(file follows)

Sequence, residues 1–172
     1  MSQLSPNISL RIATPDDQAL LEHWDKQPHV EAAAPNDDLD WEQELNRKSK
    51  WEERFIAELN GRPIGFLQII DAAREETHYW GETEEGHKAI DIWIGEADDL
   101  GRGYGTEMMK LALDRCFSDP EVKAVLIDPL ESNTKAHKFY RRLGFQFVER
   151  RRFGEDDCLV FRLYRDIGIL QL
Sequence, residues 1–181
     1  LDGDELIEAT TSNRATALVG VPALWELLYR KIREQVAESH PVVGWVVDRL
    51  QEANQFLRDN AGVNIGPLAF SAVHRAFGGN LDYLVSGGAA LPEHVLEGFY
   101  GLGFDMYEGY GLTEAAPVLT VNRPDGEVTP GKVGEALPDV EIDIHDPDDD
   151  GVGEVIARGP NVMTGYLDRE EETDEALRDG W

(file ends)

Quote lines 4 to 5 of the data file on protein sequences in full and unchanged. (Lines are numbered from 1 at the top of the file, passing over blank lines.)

   101  GRGYGTEMMK LALDRCFSDP EVKAVLIDPL ESNTKAHKFY RRLGFQFVER
   151  RRFGEDDCLV FRLYRDIGIL QL